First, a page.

Fed probe of Lake law enforcement could affect pending, closed cases

2011-05-28T23:00:00Z 2011-09-22T14:20:07Z Fed probe of Lake law enforcement could affect pending, closed casesBy Sarah Tompkins sarah.tompkins@nwi.com, (219) 836-3780 nwitimes.com

CROWN POINT | An unknown number of criminal cases six Lake County law enforcement officers worked on could be dismissed as a result of their being targets of a federal investigation, according to legal experts.

The FBI, Internal Revenue Service, Bureau of Alcohol, Tobacco, Firearms and Explosives, and Food and Drug Administration are involved in the multifaceted investigation, sources said. Last week, federal agents executed search warrants in Crown Point targeting Capt. Marco Kuyachich, Lt. Michael Reilly, Sgt. Joseph Kumstar and Officers Ronald Slusser, Edward Kabella and Scott Shelhart.

In federal court last month, prosecutors dismissed one of Kabella's drug busts. According to court records, Kabella had found 8.5 kilograms of powder cocaine, worth hundreds of thousands of dollars on the street, while working drug interdiction.

Mary Hatton, spokeswoman for the U.S. attorney's office, said prosecutors could not comment on whether the dismissal was due to Kabella's being a target of the federal investigation.

None of the officers has been arrested in relation to the investigation.

The U.S. attorney's office would not release information about the investigation or comment on how many of its cases could be affected by it.

Charges against officers who were the primary investigators on criminal cases often force prosecutors to dismiss the cases, said Craig Futterman, a clinical professor of law at the University of Chicago Law School.

"It is difficult to rely upon the testimony of someone whom your office has found to engage in a pattern of corruption and dishonest behavior," he said, adding that frequently officers are the sole known witnesses to a crime.

Futterman said a federal investigation into a case's main officer may not bring about an immediate dismissal of a case, but ethics require prosecutors to evaluate the officer's role and whether they can meet their burden of proof without that officer taking the stand.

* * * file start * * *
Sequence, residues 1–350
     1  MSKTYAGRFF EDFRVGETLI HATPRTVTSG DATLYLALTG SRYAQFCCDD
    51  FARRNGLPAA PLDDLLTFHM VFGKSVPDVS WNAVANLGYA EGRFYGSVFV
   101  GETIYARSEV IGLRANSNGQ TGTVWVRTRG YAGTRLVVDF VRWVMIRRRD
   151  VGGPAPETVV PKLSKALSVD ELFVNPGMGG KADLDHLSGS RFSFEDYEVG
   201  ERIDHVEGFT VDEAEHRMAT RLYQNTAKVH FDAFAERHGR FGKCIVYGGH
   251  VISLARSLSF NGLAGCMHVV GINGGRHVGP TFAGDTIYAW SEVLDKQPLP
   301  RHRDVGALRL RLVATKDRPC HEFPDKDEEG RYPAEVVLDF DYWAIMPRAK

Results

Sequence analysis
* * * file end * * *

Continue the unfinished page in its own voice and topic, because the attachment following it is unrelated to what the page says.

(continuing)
Past investigations involving target probes

For Slusser, this is not first time he has been the target of a criminal investigation. In 2006, he was charged with felony perjury and misdemeanor conversion after allegedly claiming $450 in illegitimate travel reimbursements, according to court records.

A special prosecuting attorney dismissed the case a year later, court records show, after Slusser remained crime-free and agreed to pay restitution and perform 10 hours of community service.

Roy Dominguez, who was sheriff at the time, was unable to be reached for comment Friday night.

Lake County Sheriff John Buncich said he did not know how many pending and appellate cases would be affected by the ongoing investigation.

"When this investigation runs its course, then we'll see where we're at," said Buncich, who placed the officers on paid administrative leave after they were identified as targets.

Buncich said several of the men had received commendations during their careers. In 2009 Kuyachich was given a lifetime achievement award, and in 1991 Reilly was noted for his work as an evidence technician in a series of shotgun slayings.

Buncich declined to comment further.

Lake County Prosecutor Bernard Carter said his office will evaluate the officers' involvement in cases to see if any need to be dismissed.

"There will probably be a few, but we're looking into that now," he said. "We'll look at each investigation that any of the officers had contact with. Decisions will be made at that point."

Carter said he did not think any of the officers caused an unfair trial or conviction that would warrant an appeal, but that closed cases also would be examined.

Gun sales, illegal payments part of current investigation

According to sources close to the case, the ATF is looking into whether Kumstar used Lake County letterhead and the federal firearms licenses of Kabella and Slusser to sell guns to collectors and licensed dealers, and the IRS is investigating the unclaimed proceeds from those alleged gun sales, as well unauthorized overtime payments.

According to a 2009 state audit, the Sheriff's Department paid tens of thousands of dollars in overtime to high-ranking, salaried personnel who were not entitled to such pay.

Between 2008 and 2010, Kuyachich received more than $4,600, Reilly received more than $8,000, Kumstar received more than $20,000 and three other officers received more than $11,000 total, according to the report.

Kumstar's overtime was "incorrectly entered into the payroll system," according to the report, which also stated he approved his own overtime hours.

In January, John Kopack, an attorney for the Sheriff's Department at the time, said the overpayment was the result of a bookkeeping error that more than doubled Kumstar's pay rate. Kopack said Kumstar reimbursed the county through paycheck deductions.

"We are still in the midst of reviewing everything," said Matt Fech, Kumstar's attorney. "Nothing has been filed as of yet."

The five remaining officers either did not return calls or were unable to be reached for comment.

Moving forward, Carter said the allegations against the officers will not affect the relationship his office has with the Sheriff's Department in prosecuting cases.

"The fact that some officers are under scrutiny does not reflect on the great work the men and women of that police department have done," he said, declining to comment further.

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